In his final season with the Red Sox in 1996, Clemens recorded his second career 20-strikeout game, this time against the Detroit Tigers. This made him the only player to ever achieve two 20-strikeout games. Despite his success – and the huge sum of money offered to him by his team – Clemens elected not to re-sign with the Red Sox after the 1996 season. Across his 12-year tenure with the team, he posted 192 wins and 38 shutouts, plus an all-time franchise record of 2,590 strikeouts.

Toronto Blue Jays

After leaving the Red Sox, Clemens signed with the Toronto Blue Jays. He went on to have incredible success in both of his seasons with the team. In 1997, Clemens posted a 21-7 record, 2.05 ERA, and 292 strikeouts, and in 1998 had a 20-6 record with a 2.65 ERA and 271 strikeouts. In both years, he claimed the Triple Crown and Cy Young Award.

New York Yankees, Part 1

For the 1999 season, Clemens was traded to the New York Yankees. His success on the team was immediate, as he helped the Yankees win the World Series in both 1999 and 2000. Clemens continued to perform in top shape in 2001 when he became the first MLB pitcher ever to begin a season with a 20-1 record. The Yankees again made it to the World Series, but fell to the Arizona Diamondbacks. In his last season with the team in 2003, Clemens notched his 300th career win and 4,000th career strikeout in the same game. Following the Yankees' loss to the Florida Marlins in the 2003 World Series, Clemens retired.

Houston Astros

Clemens came out of retirement in early 2004 to sign with the Houston Astros. Finishing the season with a record of 18-4, he won his record seventh and final Cy Young Award. The 2005 season was another triumph for Clemens, as he posted a career-best 1.87 ERA. In the World Series, the first ever for the Astros, the Chicago White Sox swept the team.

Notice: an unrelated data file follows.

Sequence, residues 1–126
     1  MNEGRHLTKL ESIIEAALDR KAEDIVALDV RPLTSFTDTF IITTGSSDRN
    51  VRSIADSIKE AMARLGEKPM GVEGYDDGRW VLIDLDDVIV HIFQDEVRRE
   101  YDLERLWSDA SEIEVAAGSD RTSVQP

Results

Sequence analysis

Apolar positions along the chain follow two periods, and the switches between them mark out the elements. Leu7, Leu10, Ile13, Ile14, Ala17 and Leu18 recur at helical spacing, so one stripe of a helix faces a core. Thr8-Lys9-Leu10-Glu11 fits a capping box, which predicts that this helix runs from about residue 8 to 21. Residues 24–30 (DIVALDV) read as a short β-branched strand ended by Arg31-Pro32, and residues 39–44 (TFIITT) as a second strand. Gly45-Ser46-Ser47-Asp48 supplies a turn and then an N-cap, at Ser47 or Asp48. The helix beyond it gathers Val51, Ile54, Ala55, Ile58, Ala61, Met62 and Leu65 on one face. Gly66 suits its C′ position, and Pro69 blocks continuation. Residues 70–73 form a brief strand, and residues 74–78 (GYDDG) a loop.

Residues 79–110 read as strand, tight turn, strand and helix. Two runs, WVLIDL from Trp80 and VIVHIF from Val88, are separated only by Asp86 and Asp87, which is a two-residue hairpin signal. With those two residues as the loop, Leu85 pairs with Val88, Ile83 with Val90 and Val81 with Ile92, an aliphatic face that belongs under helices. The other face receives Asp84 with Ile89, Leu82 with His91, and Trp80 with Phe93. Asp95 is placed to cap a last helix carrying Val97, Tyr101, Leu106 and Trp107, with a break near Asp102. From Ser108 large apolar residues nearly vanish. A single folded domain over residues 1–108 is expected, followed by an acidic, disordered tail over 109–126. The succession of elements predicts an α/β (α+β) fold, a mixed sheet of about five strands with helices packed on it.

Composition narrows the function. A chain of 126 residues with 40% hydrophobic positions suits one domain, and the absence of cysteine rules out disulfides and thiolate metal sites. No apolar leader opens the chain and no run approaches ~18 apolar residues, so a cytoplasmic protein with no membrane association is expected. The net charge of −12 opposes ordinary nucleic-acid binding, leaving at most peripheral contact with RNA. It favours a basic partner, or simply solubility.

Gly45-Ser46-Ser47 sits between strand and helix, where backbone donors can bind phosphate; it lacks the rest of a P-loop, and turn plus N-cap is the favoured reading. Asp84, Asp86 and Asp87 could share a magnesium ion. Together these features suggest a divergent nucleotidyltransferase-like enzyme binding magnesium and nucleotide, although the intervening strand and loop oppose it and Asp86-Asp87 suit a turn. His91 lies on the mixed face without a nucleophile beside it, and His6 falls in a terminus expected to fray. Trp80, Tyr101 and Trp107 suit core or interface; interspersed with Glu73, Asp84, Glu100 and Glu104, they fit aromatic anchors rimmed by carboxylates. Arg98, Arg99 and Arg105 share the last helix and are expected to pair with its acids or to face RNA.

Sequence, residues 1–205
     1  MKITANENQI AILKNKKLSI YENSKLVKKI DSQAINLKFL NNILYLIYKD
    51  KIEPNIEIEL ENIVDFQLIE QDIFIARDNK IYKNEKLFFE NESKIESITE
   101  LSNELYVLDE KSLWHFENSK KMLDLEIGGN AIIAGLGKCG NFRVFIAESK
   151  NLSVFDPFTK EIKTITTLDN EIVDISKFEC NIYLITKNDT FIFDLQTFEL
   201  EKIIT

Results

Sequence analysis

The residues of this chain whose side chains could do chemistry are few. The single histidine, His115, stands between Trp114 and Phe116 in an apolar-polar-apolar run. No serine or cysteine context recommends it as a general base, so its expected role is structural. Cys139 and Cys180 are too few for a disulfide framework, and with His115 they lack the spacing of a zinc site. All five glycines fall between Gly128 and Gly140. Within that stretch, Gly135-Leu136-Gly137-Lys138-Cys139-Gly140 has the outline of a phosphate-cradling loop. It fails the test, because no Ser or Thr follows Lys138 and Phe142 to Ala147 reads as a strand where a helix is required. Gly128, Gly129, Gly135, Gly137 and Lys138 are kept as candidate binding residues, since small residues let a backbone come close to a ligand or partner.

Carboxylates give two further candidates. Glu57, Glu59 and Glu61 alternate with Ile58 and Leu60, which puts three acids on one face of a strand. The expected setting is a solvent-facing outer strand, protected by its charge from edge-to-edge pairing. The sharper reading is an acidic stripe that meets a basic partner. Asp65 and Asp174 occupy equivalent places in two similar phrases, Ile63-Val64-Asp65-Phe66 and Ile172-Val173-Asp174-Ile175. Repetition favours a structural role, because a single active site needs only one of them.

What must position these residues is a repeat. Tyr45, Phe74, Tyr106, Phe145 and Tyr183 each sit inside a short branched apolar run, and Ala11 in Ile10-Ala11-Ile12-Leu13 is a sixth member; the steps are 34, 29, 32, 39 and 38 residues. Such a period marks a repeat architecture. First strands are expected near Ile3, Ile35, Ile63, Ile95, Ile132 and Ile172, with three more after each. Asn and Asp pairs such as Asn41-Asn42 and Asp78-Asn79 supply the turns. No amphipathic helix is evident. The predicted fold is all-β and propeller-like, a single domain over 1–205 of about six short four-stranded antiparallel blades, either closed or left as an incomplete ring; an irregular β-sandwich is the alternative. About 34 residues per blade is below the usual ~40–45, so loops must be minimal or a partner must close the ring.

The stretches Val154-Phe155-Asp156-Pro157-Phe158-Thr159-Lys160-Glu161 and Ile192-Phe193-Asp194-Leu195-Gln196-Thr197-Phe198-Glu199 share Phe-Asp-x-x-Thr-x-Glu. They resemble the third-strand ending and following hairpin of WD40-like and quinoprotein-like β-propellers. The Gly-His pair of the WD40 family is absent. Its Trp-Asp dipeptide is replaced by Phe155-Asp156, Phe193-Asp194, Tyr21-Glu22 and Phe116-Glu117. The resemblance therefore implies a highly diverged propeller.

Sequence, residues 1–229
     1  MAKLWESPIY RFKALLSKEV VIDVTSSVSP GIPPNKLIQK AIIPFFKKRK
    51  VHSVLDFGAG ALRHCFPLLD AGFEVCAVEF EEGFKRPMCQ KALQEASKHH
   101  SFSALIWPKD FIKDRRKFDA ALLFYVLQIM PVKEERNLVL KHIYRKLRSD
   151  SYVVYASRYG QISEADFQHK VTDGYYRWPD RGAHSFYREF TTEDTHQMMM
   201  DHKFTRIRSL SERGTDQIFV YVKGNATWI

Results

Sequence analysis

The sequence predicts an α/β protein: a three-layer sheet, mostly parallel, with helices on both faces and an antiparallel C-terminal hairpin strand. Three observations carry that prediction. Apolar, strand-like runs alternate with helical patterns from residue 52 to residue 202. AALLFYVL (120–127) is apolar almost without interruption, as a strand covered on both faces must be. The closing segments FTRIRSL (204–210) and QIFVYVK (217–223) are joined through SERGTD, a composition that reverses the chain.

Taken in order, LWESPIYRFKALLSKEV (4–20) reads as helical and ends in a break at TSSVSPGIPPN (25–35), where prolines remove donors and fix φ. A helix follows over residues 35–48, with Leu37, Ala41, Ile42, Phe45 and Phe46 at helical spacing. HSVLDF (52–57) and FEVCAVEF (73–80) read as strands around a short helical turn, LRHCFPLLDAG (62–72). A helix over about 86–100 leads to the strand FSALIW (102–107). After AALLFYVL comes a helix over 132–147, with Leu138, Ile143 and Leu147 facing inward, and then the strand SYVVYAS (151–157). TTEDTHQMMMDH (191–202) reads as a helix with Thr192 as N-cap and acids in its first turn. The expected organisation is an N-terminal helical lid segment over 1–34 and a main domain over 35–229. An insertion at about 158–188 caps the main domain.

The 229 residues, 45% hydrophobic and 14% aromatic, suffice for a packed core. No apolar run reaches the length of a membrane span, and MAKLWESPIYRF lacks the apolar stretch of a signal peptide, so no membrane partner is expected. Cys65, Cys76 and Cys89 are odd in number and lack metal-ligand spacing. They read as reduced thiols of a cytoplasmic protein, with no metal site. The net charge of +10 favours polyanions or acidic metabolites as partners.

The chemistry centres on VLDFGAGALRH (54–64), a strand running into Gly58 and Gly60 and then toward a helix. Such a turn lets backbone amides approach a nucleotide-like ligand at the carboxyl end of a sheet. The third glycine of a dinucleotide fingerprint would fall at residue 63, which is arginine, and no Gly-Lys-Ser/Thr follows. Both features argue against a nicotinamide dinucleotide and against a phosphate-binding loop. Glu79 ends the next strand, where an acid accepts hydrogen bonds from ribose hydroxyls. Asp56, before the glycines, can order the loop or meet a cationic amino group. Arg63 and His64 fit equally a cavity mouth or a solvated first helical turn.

New York Yankees, Part 2

In 2007, Clemens returned to the Yankees. That July, he posted his 350th career win. Advancing to the ALDS, he was eventually removed from the roster due to a hamstring injury.

Later Pitching

Clemens continued to pitch after his departure from the MLB. In 2012, he signed with the Atlantic League of Professional Baseball's Sugar Land Skeeters. Four years later, for the National Baseball Congress World Series, he played with the Kansas Stars.

Steroid Controversy

Clemens has been the subject of much controversy over the course of his career. Particularly, he was accused of using anabolic steroids, with his name cited in the Mitchell Report on steroid use in the MLB. Clemens ended up testifying before Congress in early 2008, claiming his innocence. Due to inconsistencies in his testimony, however, the Congressional committee recommended that the Justice Department investigate whether he had lied under oath. Clemens was ultimately indicted by a federal grand jury in 2010 on counts of perjury and contempt of Congress. Following an initial mistrial, Clemens was found not guilty on all his counts in 2012. However, the controversy ended up hampering his chances to be inducted into the Baseball Hall of Fame.

Personal Life

In late 1984, Clemens wed Debra Lynn Godfrey. Together, they have four sons named Koby, Kory, Kacy, and Kody. Clemens has been known to allegedly engage in extramarital affairs, with a notable paramour reportedly having been country music singer Mindy McCready.

Real Estate

Roger and his family have several homes in Texas. Their primary home is a large mansion in Houston. The 10,500 square-foot mansion sits on 2.6 acres and is worth around $5 million. The family also owns a lake house on the shores of Lake Conroe in Montgomery, Texas that is worth around $2 million.

Roger Clemens Net Worth

Roger Clemens

Net Worth:$70 Million
Date of Birth:Aug 4, 1962 (59 years old)
Gender:Male
Height:6 ft 3 in (1.93 m)
Profession:Baseball player, Athlete, Actor
Nationality:United States of America
All net worths are calculated using data drawn from public sources. When provided, we also incorporate private tips and feedback received from the celebrities or their representatives. While we work diligently to ensure that our numbers are as accurate as possible, unless otherwise indicated they are only estimates. We welcome all corrections and feedback using the button below.